Xbox One licensing puts you last
Rumors about Microsoft's Xbox One system have been floating around on the Internet for some time. Most concentrated on always-on requirements and used game sales. Microsoft up until now did not really confirm nor deny any of the rumors.
The always-on controversy cost Adam Oarth his job even though it seems that he was not too far off in regards to what he stated on Twitter.
The Xbox One does not require you to be permanently online, but you do need to connect once every 24h period if you are gaming on your main system or once every hour if you are using a separate console to access your game library.
If you do not, you cannot play games anymore unless you reconnect. What you can do however is watch TV or Blu-Ray and DVD movies.
The connection is used to "verify if system, application or game updates are needed and to see if you have acquired new games, or resold, traded in, or given your game to a friend".
This means first and foremost that you cannot play games before you connect the console at least once to the Internet.
While that is bad for people who live in areas with bad reception or none at all, it gets even worse for those who buy, sell or trade used games.
According to Microsoft, publishers can now decide whether you are allowed to trade-in games or not. And even if they allow it, you may only trade-in the games at participating retailers. While Microsoft does not charge extra fees for this, it is likely that game trading will come to a halt on the Xbox One.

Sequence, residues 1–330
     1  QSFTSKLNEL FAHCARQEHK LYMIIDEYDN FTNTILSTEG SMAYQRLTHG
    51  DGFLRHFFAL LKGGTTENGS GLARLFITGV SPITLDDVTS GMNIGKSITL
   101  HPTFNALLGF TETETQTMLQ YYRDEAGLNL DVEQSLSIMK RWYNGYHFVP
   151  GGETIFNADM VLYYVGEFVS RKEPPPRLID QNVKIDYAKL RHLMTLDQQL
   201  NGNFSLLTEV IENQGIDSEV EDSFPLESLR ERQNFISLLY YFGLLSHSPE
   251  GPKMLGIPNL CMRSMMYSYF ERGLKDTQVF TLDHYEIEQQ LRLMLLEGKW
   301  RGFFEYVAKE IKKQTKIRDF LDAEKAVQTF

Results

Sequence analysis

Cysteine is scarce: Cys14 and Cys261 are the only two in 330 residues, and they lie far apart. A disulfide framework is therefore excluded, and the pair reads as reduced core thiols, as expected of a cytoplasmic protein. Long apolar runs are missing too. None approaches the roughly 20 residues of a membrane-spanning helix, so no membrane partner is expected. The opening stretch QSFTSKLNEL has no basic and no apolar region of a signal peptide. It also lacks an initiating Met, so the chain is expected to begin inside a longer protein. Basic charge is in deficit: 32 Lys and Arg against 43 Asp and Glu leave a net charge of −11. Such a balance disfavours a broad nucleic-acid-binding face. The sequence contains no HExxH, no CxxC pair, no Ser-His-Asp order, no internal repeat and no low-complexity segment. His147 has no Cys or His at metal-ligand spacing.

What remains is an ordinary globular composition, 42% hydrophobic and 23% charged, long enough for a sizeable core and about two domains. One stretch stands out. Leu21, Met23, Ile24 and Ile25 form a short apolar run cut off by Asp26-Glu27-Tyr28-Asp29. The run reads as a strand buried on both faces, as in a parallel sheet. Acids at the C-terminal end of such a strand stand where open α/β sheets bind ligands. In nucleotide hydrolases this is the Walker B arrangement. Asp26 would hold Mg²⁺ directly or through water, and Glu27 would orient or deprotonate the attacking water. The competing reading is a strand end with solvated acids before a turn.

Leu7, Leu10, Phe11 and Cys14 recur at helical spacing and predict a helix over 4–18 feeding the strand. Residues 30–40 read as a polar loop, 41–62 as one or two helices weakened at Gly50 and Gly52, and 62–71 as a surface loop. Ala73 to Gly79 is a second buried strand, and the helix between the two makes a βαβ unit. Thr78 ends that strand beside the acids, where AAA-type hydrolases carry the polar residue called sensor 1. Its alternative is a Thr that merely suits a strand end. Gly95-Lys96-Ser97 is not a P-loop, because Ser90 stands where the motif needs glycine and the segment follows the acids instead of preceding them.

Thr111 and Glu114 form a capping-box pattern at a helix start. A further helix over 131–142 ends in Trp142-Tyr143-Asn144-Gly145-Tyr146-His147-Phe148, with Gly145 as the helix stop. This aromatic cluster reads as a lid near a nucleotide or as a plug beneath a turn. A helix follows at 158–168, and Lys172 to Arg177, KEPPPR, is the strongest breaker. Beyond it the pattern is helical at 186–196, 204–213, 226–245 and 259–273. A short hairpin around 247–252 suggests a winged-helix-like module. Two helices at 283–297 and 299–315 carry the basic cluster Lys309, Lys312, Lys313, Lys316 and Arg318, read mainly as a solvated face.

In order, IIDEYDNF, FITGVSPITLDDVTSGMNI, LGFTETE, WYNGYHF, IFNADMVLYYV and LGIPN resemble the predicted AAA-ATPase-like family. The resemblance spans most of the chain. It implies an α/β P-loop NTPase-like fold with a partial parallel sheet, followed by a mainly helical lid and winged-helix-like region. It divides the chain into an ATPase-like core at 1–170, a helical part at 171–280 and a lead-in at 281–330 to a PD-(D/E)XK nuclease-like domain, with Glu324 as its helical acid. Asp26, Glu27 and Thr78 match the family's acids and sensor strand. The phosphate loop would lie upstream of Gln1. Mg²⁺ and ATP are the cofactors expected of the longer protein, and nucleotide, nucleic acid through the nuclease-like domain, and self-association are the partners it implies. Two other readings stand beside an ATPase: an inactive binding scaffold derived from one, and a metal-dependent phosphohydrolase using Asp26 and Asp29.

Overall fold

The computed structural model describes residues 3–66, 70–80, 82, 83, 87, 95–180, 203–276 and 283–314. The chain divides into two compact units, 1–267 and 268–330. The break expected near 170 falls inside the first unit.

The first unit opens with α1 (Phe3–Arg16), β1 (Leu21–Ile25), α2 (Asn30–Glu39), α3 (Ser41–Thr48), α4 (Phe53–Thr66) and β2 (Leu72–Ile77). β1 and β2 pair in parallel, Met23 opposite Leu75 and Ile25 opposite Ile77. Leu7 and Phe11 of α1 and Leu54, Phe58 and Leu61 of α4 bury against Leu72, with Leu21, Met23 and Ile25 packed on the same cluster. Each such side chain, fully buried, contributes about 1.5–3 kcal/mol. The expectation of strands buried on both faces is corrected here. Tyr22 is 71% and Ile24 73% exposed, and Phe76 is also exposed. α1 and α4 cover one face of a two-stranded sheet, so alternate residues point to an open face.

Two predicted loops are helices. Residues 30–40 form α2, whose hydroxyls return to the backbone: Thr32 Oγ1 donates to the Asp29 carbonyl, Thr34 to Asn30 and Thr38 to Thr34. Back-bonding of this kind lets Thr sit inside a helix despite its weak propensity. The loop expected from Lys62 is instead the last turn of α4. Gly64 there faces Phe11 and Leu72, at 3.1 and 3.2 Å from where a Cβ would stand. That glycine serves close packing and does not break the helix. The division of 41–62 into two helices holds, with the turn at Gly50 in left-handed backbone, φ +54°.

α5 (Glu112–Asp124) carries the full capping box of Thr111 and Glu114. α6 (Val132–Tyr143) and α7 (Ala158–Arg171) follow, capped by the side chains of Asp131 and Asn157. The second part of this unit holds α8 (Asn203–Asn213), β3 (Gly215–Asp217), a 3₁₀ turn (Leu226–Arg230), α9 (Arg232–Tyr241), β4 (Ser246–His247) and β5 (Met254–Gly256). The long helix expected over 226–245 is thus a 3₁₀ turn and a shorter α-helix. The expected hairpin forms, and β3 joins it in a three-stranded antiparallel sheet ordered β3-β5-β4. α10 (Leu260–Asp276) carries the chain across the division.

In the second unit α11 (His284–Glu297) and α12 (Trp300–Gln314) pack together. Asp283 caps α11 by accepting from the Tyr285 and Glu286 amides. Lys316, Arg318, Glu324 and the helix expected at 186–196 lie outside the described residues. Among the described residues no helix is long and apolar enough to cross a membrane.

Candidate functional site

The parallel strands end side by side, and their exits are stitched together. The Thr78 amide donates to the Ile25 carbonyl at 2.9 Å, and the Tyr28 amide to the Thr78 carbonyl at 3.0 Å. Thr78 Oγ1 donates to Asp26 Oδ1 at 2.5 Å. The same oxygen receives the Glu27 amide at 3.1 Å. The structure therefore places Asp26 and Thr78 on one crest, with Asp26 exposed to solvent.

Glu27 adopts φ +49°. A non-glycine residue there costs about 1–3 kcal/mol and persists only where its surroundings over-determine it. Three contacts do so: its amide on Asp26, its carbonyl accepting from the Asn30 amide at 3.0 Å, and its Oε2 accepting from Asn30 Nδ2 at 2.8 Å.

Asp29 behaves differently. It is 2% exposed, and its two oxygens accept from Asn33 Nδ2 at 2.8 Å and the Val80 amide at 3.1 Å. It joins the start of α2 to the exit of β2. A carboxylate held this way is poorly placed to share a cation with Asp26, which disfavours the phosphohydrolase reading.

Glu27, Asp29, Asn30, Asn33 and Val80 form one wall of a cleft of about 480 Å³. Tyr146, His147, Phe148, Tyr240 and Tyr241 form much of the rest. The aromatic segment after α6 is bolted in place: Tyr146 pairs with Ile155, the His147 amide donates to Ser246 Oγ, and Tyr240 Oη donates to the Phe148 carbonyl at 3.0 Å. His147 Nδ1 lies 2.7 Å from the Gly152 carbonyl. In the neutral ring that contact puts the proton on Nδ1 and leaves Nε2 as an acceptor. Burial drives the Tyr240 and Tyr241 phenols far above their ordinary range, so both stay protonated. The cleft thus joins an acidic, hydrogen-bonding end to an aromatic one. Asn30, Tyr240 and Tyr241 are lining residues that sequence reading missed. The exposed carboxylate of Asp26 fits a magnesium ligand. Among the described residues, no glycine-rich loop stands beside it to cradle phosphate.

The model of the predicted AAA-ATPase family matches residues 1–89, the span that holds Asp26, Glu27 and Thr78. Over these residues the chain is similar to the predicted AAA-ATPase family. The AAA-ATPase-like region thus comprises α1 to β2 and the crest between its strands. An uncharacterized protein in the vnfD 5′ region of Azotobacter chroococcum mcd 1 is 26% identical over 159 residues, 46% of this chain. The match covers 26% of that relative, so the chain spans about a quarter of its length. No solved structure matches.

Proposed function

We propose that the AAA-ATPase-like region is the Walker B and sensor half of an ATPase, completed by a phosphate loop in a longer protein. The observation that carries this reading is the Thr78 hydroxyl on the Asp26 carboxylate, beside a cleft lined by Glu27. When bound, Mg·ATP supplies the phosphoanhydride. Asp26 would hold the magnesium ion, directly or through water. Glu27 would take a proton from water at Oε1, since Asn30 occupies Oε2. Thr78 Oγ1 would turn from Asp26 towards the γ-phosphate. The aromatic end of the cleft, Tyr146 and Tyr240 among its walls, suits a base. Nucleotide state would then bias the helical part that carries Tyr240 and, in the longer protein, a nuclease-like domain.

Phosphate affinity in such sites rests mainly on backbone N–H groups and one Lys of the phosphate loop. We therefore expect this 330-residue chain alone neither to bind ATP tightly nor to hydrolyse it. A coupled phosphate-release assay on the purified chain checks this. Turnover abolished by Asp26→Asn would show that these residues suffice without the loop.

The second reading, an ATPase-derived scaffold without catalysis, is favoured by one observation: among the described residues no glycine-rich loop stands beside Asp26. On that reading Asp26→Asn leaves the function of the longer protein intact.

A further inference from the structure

As far as selling games online or handing them over to friends is concerned, this too is restricted. Again, game publishers can enable you to give your games to friends. Since they can enable you, it means that they can also disallow this just like they can disallow that you can trade-in your games at game retailers.
Even if they do, games may only be given to someone else once and that someone needs to have been on your friends list for at least 30 days.
This means that you cannot sell your used copy on eBay, Amazon or other online stores anymore unless you add the buyer to the friends list and you both wait 30 days before the deal is finalized.
Here is a list of things you cannot do with the Xbox One that you were able to do with the Xbox 360:
- Lend or rent games.
- Play games unless you connect to the Internet once every 24 hour period.
- Trade games unless approved by the game publisher. If approved, you can only trade-in games at pre-approved retailers.
- Sell games unless approved by the game publisher. If approved, a game may only be traded once and only to users who have been friends with you for over 30 days.
It is clear that Microsoft attempts to reduce the impact of the second hand market on publishers with these restrictions, and while publishers probably rejoice, it is limiting owners significantly.
Is there anything good that we can take from the two faqs? Microsoft is moving to the cloud and will make all games available as discs and digital copies on the same day. The entirely game library will be available in the cloud so that you do not need discs to play games. You can also log in on the system over at your friend's house and play your games there. It is likely that the one hour offline restriction applies to this scenario.
The system itself is not that different from how Steam operates. The major difference however is that Steam was designed to be this way from the very beginning, meaning that you knew that you were not able to trade or sell games that you activated on Steam. The Xbox and Xbox 360 on the other hand do not have that restriction. The end result is nearly identical though.Advertisement